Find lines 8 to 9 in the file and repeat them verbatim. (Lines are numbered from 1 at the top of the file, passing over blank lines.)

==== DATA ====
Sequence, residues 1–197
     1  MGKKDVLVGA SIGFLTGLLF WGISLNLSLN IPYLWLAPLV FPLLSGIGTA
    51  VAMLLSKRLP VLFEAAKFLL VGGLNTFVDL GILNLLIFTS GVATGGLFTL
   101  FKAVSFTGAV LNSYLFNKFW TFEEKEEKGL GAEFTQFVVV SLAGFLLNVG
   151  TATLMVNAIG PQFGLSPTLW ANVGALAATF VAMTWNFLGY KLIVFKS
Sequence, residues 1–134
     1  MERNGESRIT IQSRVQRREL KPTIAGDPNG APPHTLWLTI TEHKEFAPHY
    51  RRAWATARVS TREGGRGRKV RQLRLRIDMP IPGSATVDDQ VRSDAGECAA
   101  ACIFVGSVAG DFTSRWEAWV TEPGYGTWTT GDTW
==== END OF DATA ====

    51  RRAWATARVS TREGGRGRKV RQLRLRIDMP IPGSATVDDQ VRSDAGECAA
   101  ACIFVGSVAG DFTSRWEAWV TEPGYGTWTT GDTW